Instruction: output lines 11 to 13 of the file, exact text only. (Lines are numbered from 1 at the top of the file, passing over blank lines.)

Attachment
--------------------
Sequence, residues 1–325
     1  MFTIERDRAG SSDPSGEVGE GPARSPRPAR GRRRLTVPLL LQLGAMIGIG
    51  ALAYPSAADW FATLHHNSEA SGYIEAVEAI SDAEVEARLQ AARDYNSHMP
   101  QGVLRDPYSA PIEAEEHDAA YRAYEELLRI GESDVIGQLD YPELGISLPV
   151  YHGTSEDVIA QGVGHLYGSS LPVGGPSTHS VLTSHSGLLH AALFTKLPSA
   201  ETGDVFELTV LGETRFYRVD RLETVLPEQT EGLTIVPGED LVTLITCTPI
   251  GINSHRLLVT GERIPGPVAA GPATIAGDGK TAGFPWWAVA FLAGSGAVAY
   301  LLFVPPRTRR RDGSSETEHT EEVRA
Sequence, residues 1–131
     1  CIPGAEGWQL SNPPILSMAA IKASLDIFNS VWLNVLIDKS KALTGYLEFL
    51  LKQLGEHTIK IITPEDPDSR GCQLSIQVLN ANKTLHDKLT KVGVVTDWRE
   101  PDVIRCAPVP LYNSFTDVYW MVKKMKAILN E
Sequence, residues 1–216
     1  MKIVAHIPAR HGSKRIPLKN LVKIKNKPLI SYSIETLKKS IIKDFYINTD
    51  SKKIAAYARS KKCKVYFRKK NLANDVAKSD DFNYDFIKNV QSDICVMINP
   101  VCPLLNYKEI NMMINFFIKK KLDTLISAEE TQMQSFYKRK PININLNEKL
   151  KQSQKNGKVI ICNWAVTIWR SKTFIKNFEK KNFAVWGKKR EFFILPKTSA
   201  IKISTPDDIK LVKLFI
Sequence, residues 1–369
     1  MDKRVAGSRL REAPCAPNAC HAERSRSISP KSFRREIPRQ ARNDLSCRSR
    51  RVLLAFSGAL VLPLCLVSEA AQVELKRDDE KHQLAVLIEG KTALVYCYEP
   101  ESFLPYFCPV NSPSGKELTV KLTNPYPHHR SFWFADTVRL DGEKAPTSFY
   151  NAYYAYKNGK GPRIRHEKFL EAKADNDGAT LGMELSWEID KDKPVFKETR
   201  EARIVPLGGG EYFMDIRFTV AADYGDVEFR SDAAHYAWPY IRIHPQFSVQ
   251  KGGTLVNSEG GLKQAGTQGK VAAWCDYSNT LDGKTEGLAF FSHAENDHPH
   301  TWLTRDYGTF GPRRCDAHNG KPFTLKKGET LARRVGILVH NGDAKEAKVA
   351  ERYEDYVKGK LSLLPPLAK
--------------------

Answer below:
    51  LKQLGEHTIK IITPEDPDSR GCQLSIQVLN ANKTLHDKLT KVGVVTDWRE
   101  PDVIRCAPVP LYNSFTDVYW MVKKMKAILN E
Sequence, residues 1–216